One last comment about night one.  The food trucks and restaurant representation were good.  A mix of burgers, sliders, veggie options, coffee, and desserts.  Big Star restaurant had THE longest line of all.  So long after waiting in line 4-ever for a wrist band that I did not get a chance to taste one of their tacos which were sold out by the end of the night.  I was informed that they will not be there for the second day.  Guess I have to check them out at the restaurant in  Bucktown (serving until 3am).

Day 2

Not wanting to subject the kids or us to the kids inevitable whining for multiple hours, my husband was kind enough to drive me and drop me off to enjoy the daytime acts on my own.  The plan was to meet up later, progeny in tow,  for Wilco.  More on how that worked out later.

Entry was a breeze on day 2 making me only moderately tardy for Wild Belle.  The brother and sister duo was a must see if you are a soul, pop, indie junkie.  

Wild Belle

Natalie (vocals) and Elliott Bergman (keyboard, saxophone, guitar) are a sibling duo from Barrington, IL.  Together they are reaching new acclaim in the blogosphere and music scene.  Natalie, age 23, has lilting sultry vocals that sound like a collaboration between Amy Winehouse and Macy Gray.  She wore a bright red blouse with animal print skinny jeans, an outfit both current and retro.  With their first “hit” single, “Keep You” we are transported to a fusion of soul-laced synth-pop Caribbean reggae disco lounge music.  That was a mouth full.  Is the new genre SSPCRDLM?  In any case the upbeat sound is completely enjoyable.  The pair first performed together as part of Elliott’s band Nomo known for dance instrumentals with an African jazz vibe.  From what I read via Greg Kot’s review, Natalie was fired by the band after a crowd stood still following a performance of one of her songs (usually the crowd would be dancing).  Blood being thicker than water, Elliott decided to perform with Natalie forming Wild Belle.  Natalie is an aspiring singer-songwriter and a debut album is expected in early 2013.   Today, towards the end of their set they did a cover of Evelyn Champagne King’s  “I’m in love” (1981) transporting me back to my carefree end of high-school start of college disco loving days.   I am looking forward to Wild Belle’s upcoming release and having seen them at the HBP might just turn out to be one of those rare  “I saw them when…” experiences.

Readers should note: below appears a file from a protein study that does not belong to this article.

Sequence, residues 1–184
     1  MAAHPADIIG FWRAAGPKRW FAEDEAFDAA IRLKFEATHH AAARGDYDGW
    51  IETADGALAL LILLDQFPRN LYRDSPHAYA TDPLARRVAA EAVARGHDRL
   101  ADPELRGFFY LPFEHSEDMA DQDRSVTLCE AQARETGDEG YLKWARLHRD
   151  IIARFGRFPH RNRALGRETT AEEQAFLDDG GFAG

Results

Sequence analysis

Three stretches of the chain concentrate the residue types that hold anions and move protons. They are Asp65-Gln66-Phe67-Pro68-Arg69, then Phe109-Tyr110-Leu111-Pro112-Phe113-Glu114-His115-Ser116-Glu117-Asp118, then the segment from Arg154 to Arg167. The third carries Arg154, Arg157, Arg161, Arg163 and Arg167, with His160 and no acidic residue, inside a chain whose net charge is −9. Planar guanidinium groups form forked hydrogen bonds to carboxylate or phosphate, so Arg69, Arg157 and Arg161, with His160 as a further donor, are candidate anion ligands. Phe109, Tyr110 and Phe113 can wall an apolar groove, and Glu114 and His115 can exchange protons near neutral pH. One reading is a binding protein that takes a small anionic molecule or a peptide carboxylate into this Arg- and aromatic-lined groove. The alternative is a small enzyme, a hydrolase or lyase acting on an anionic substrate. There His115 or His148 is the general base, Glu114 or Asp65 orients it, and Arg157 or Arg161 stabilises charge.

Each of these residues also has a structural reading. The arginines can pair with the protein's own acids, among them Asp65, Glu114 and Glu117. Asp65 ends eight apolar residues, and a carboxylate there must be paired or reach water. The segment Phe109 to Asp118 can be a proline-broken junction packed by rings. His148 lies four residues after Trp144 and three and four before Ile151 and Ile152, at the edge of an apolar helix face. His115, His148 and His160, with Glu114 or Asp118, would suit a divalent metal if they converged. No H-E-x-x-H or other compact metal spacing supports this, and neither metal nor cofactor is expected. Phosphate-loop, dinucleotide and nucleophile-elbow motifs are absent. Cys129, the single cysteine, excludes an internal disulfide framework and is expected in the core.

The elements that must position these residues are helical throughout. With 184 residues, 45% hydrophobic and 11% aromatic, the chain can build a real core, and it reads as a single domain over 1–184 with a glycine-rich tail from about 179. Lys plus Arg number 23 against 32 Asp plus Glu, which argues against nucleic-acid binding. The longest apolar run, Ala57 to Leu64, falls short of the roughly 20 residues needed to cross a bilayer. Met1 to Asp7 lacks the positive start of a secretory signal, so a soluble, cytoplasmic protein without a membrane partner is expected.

I could not get my video from the Block Party to upload so here is a version from You Tube of "Keep You":

Wye Oak

Wye Oak, named after Maryland’s honorary state tree, is the Baltimore based couple Jenn Wasner (vocals, guitar) and Andy Stack (drummer, multi-instrumentalist).   Their style is considered “90’s Indie Rock/21st Century Folk”.  Live, they are more rhythm, volume and feedback-driven loud rock and roll than would be obvious on their studio produced albums.  There is surprising dimension to their sound given that there are only two people on stage.  This is due to Stack’s ability to play both drums (using his feet) and keyboard simultaneously.    Wasner is caught losing herself with the fierceness of her guitar riffs throughout the set.  Coupled with Wasner’s reverb soaked dreamy lush vocals, and Stack’s command of his instruments, the duo packs a mean punch.  Given the amount of feedback, volume, distortion, and reverb that the band relies on for their sound, it can be hard to extract and appreciate Wasner’s vocal prowess.   I always love a live performance but listening to them via stereo is a different experience for better or worse.  I have recorded here the song “Spiral” which is not yet released.  The recorded studio version takes n a rhythm driven new-wave sound making use of marimba and vocal special effects.  Overall, they were great to see during the sun drenched block party.  Wasner commented that she could see nothing and was “blind” as she looked out over the audience with her “cheap $8 sunglasses” later taking them off to reveal her pretty face and allowing for her sight to return.  I recommend the album Civilian highly as it drew me in completely rendering me as a fan of Wye Oak’s unique sound.  The Block Party ticket purchase had me at “Wye Oak” even before Wilco was announced to headline.

Have a listen to "Spiral":